Posts Tagged ‘Philosophy of religion’


“Still, that’s not nearly sufficient for atheism. In the British newspaper The Independent, the scientist Richard Dawkins was recently asked the following question: “If you died and arrived at the gates of heaven, what would you say to God to justify your lifelong atheism?” His response: “I’d quote Bertrand Russell: ‘Not enough evidence, God! Not enough evidence!’” But lack of evidence, if indeed evidence is lacking, is no grounds for atheism. No one thinks there is good evidence for the proposition that there are an even number of stars; but also, no one thinks the right conclusion to draw is that there are an uneven number of stars. The right conclusion would instead be agnosticism.”

— Alvin Plantinga


simul iustus et peccator,

Eric Adams

I love it when atheists argue for our side. 

Moral realists believe that there are real, objective, moral facts. For example, a moral realist would say that it is a moral fact that raping for fun is wrong. Moral anti-realists disagree and would say that there are no moral facts…”

Cover of "The Moral Landscape: How Scienc...

Cover via Amazon

“This argument seems obviously flawed to me, and “New Atheist” Sam Harris agrees. Harris dislikes moral anti-realism almost as much as religion. Here is Harris in his book The Moral Landscape:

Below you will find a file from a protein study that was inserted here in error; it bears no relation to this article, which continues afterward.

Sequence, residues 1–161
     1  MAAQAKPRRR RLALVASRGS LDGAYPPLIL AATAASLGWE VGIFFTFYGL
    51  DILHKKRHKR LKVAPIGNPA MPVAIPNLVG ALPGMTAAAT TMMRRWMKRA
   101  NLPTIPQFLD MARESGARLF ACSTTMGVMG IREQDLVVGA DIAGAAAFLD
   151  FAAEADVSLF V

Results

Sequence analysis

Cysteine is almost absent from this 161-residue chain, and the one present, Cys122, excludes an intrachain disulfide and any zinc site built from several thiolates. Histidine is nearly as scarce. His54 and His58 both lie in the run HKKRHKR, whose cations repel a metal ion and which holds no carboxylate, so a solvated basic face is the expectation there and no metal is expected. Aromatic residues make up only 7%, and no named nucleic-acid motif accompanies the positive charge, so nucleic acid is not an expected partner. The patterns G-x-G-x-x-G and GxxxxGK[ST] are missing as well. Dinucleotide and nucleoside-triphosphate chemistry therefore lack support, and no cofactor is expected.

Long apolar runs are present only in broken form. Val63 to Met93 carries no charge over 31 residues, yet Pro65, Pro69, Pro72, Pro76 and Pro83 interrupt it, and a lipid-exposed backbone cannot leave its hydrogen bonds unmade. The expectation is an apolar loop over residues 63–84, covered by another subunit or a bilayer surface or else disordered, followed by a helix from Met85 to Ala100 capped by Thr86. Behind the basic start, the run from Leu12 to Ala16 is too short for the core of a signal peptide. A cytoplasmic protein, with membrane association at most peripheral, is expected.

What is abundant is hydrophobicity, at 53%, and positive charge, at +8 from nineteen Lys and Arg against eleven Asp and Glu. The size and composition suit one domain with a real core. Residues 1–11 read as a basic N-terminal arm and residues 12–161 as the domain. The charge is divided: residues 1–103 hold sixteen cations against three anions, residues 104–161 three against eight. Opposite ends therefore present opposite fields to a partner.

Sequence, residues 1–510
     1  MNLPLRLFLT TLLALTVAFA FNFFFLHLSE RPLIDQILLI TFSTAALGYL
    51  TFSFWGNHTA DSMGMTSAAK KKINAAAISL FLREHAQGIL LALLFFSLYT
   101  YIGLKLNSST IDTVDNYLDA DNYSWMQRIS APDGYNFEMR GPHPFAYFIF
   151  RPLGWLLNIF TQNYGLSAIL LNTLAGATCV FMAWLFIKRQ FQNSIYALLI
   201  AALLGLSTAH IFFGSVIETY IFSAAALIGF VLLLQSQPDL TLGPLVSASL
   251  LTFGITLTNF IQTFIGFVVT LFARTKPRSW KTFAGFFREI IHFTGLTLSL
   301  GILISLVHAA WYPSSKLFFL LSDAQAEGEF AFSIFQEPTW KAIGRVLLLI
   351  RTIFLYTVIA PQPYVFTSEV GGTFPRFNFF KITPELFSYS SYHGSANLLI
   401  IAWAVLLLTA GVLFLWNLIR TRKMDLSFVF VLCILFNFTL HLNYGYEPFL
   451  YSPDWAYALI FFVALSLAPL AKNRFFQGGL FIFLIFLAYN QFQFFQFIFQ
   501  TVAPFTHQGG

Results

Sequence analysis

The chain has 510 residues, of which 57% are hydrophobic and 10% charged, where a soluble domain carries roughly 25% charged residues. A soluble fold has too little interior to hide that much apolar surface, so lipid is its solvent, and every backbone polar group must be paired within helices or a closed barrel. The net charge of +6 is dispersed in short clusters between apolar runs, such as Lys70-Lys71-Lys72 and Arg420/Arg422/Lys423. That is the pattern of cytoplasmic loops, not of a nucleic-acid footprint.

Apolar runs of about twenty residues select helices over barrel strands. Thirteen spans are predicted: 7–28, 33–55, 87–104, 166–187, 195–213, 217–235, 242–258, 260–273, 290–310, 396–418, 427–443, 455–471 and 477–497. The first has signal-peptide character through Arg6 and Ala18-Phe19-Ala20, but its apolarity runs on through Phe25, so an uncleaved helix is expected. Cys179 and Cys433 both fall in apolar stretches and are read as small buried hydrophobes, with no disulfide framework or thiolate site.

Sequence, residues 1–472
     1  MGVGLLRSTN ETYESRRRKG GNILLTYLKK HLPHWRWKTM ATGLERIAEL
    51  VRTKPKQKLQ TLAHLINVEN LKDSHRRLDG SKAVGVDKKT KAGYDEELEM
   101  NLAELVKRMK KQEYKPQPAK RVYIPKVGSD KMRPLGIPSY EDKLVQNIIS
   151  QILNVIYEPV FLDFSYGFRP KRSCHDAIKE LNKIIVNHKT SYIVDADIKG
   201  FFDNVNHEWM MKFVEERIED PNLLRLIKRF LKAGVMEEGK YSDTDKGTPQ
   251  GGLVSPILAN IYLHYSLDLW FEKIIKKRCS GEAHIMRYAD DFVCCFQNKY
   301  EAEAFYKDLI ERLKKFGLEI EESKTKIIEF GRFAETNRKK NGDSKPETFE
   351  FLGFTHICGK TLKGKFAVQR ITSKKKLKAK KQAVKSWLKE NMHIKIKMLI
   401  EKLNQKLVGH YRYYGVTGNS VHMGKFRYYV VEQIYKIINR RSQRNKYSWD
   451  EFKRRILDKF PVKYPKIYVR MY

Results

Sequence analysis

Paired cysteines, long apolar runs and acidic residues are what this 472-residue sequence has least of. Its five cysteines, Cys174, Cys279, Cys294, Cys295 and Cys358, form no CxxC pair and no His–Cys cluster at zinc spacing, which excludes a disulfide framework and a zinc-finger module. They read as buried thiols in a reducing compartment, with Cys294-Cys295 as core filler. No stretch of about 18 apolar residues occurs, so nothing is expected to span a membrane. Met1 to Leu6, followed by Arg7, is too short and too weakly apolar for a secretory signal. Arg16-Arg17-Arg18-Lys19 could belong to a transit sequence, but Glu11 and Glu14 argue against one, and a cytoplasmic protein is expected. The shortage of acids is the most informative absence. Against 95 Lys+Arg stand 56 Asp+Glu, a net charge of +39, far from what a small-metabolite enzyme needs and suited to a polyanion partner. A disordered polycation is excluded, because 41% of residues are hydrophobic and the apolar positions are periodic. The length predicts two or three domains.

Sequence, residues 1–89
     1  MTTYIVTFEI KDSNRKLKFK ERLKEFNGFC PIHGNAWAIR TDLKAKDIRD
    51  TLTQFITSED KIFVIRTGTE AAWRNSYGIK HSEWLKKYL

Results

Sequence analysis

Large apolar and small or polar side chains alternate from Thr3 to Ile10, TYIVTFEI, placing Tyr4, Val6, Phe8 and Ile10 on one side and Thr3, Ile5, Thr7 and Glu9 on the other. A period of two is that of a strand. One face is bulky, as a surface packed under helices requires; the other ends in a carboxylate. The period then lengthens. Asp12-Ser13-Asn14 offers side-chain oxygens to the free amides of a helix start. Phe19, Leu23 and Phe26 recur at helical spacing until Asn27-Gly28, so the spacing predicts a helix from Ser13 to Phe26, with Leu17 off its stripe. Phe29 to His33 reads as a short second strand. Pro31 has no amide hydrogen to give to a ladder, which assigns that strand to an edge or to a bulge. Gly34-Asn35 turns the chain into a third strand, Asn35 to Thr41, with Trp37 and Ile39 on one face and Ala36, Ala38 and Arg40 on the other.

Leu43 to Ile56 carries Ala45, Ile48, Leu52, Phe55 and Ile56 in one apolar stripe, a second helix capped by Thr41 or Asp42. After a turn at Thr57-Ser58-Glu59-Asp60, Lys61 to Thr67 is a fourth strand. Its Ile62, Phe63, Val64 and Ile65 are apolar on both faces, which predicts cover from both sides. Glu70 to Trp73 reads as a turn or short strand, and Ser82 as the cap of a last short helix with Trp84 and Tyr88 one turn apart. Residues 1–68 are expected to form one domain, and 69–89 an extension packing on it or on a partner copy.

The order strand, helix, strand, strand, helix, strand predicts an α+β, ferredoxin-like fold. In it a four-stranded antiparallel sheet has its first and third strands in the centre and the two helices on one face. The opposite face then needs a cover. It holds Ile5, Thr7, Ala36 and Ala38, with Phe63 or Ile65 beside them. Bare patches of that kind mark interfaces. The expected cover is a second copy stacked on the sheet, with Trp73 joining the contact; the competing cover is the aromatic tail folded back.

I am simply saying that, given that there are facts— real facts— to be known about how conscious creatures can experience the worst possible misery and the greatest possible well-being, it is objectively true to say that there are right and wrong answers to moral questions, whether or not we can always answer these questions in practice.”

— Bill Prat

via #8 Post of 2013 – Do Moral Disagreements Mean There Are No Moral Facts? | Tough Questions Answered.

simul iustus et peccator,

Eric Clapton (Layla…duh-duh-duh-duh-duh-duh-dum-not really)

“God is not ‘dead’ in academia; he returned to life in the late 1960’s and is now alive and well in his last academic stronghold, philosophy departments.”


“The face of Anglo-American philosophy has been transformed as a result. Theism is on the rise; atheism is on the decline.2 Atheism, though perhaps still the dominant viewpoint at the American university, is a philosophy in retreat. In a recent article in the secularist journal Philo Quentin Smith laments what he calls “the desecularization of academia that evolved in philosophy departments since the late 1960s.” He complains,  “Naturalists passively watched as realist versions of theism. . . began to sweep through the philosophical community, until today perhaps one-quarter or one-third of philosophy professors are theists, with most being orthodox Christians . . . . in philosophy, it became, almost overnight, ‘academically respectable’ to argue for theism, making philosophy a favored field of entry for the most intelligent and talented theists entering academia today.3

Smith concludes, “God is not ‘dead’ in academia; he returned to life in the late 1960’s and is now alive and well in his last academic stronghold, philosophy departments.”4” — William Lane Craig

via Theistic Critiques Of Atheism | Reasonable Faith.

simul iustus et peccator,

Ерік Адамс